“They did not have a clue whether I was dead or alive,” he said.
Back home, Katie and their kids – ages 17 to 23 – grew more concerned by the day. Over the years, she had always been in regular contact with Richard, though he was often overseas. Now, day after day passed with no contact.
“I knew something was terribly wrong,” she said.
About two weeks after Richard disappeared, Katie was sitting in church when, she said, she was moved to talk to her pastor about her fears. He put her in touch with a fellow member of the congregation with contacts in state government, and Katie began a relentless campaign to find out what happened to Richard, contacting everyone from her congressional representatives to the State Department to former SEAL teammates.
Katie won’t say much about this. But she said she was impressed by all the help she received through the course of several inquiries, trips to Washington, D.C., and a near-constant stream of emails and communications.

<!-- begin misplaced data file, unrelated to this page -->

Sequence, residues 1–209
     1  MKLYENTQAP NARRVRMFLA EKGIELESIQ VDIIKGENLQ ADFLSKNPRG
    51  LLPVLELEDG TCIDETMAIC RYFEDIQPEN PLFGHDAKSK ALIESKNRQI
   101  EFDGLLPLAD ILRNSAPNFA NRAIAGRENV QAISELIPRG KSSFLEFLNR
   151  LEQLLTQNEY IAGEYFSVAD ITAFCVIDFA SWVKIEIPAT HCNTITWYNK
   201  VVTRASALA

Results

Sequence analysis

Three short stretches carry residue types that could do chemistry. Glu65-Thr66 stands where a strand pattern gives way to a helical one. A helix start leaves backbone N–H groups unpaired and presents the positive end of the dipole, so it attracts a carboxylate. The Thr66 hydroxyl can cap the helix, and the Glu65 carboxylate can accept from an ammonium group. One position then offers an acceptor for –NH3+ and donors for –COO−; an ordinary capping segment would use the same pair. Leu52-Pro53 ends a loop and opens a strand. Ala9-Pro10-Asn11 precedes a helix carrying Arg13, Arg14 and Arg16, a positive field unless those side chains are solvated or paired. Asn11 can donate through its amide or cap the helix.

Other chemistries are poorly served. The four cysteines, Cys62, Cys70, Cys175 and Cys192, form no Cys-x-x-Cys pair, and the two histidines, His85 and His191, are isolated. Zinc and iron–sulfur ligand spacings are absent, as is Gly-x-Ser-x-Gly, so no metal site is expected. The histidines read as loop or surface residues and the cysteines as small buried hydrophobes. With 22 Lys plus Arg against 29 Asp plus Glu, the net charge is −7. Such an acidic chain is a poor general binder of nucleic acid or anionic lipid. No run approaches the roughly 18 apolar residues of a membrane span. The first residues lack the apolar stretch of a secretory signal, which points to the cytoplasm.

“I lived in front of my computer,” she said. “I lived in front of my phone.”
After two weeks, Peters was abruptly taken from his cell, blindfolded and handcuffed. Guards loaded him into a paddy wagon with six others. He was plotting ways to escape, pondering whether he could take out a guard, get his weapon, fight his way out – constantly working the angles.
They arrived at a large prison. When they emerged, Peters could see – through the bottom of his blindfold – a row of people blindfolded and kneeling, facing a wall.
“I thought, ‘Well, geez, they’re going to stinking assassinate us,’ ” he said. “I just started praying. I said, ‘Lord, you’ve got to help me here.’ ”
But no one was killed, and Peters was taken to a cell. This one was larger, with a pair of bunk beds, but the windows had been plated over. Only by climbing to the highest window and peering through a crack could he see anything of the outside courtyard.
Over the next months the guards would interrogate him six times, once for 10 hours. They knew about his special-forces background, and they suspected him of being a rebel spy. They never really hurt him, he said, though they kicked him a couple times. He was less than intimidated.